The refusal at first is important, because the Hero will face terrible challenges. Anyone who could quit the adventure would surely do so, if they had the choice. The Hero must be reluctant, lest the audience fail to believe the test of the Hero's resolve.


The classic Heroes in Campbell's model are never eager for their obstacles. Like Skywalker confronting the reality that stormtroopers have destroyed his family homestead, Campbell's Heroes felt they had no other choice but to accept their challenge.


My own journey began when my son was diagnosed with Type 1 diabetes, 20 years ago.


I would have gladly traded places with him. Because his immune system, in some hyperactive episode of disorder, destroyed the islet cells in his pancreas at a young age, he will be dependent upon insulin injections for the rest of his life. If I could have given him my pancreas, so that I would be the one with diabetes and he could live without having to constantly monitor his blood sugars, I would have done it.


But I could do nothing to cure him.


It was my job as his Father to keep him alive by checking his blood sugars, calculating his carbohydrate intake, learning everything I could about metabolism and ketosis, administering the correct insulin dose, and teaching him how to eventually live independently of me.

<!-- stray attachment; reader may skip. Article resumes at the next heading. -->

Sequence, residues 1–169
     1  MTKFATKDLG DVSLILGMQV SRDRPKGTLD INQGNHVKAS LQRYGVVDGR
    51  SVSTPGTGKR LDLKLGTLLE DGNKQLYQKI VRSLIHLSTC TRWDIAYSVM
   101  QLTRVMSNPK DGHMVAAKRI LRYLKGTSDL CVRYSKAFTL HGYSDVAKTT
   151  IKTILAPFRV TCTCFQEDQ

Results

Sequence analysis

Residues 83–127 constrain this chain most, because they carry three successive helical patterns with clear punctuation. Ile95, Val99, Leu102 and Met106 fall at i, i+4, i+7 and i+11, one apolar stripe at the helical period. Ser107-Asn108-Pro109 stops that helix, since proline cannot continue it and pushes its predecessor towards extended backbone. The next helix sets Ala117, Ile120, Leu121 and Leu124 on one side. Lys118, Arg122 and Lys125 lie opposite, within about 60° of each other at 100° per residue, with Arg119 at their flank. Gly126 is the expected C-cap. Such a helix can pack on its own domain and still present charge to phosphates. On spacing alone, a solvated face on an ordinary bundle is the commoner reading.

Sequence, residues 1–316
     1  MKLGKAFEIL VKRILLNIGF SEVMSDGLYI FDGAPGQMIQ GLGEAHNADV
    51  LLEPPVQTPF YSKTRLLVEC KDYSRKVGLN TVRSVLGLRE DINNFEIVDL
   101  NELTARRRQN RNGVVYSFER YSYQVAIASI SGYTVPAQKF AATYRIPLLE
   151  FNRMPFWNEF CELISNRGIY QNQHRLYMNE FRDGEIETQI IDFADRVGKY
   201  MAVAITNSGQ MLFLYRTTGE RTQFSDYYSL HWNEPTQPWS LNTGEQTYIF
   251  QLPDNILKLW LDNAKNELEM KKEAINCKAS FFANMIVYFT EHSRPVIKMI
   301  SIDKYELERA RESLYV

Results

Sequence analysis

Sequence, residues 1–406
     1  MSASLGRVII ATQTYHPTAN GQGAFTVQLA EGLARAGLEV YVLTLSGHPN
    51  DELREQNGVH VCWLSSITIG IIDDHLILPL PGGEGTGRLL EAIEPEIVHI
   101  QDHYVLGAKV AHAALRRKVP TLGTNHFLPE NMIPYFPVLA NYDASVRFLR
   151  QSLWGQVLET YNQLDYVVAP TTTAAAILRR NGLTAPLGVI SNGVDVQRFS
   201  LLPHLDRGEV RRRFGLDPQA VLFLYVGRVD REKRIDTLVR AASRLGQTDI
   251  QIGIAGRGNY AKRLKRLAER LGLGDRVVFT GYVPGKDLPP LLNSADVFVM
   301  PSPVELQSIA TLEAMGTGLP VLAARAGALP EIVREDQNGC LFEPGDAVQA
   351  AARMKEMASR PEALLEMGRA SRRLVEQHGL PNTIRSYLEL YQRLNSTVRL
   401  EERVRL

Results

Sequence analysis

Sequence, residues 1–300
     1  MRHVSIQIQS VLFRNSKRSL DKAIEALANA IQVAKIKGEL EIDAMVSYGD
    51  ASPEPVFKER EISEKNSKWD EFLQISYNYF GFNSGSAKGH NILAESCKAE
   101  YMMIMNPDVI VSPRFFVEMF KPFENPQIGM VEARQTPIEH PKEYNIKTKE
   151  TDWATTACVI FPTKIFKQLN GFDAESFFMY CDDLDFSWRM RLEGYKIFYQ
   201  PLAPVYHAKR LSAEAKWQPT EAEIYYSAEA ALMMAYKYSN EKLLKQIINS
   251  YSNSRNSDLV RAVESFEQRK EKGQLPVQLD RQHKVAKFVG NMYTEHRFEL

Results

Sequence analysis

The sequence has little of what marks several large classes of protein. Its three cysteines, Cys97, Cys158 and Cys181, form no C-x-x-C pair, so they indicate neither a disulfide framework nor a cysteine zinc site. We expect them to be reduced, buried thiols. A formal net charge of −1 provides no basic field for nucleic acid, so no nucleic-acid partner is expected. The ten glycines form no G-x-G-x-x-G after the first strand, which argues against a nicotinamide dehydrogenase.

He's 28 years old now, in excellent health, and so you might say I did I good job. It was all I could do because I can't reverse Type 1 diabetes.


But some people have fixed their Type 2. Given ten days and an ice bath, you might correct your metabolism so you no longer have to suffer.


What's your story?

Many of the origin stories in the biohacking community are like that -- people who overcame adversity and allopathic medicine to heal themselves are now sharing their knowledge with others.


Human beings are story-telling creatures, because stories are how humans are hard-wired to make sense of our complex experiences. That's why Morozko is fond of saying:

The story you tell yourself is more important than the experience you have.

In Campbell's archetype, the Hero will always meet a Mentor in the unfamiliar world who imparts upon them some secret knowledge. Then, at the critical moment in their journey, when the Hero's strength and wits are found lacking and the Hero teeters on the brink of despair, only then will the Mentor's secret knowledge restore the Hero's confidence and prove critical to the Hero's success.


The Hero's Journey is so appealing because the audience experiences a vicarious emotional trajectory through the Hero, without risking their own death.


As if I were living in one of Campbell's dramas, I am always reluctant to step into my ice bath. When I'm staring down at the huge chunks of ice in my Morozko, my mind will invent rationalizations about why it's OK for me to skip a day or two, even though I know the anxiety I feel before is always worse than the experience of being in the ice water. Partly because I set my forge to a temperature that frightens me, I become a reluctant protagonist in my own story.


When I do enter the ice water, it is like leaving the comfort of the familiar world for the discomfort and uncertainty of the unfamiliar.



Emma's journey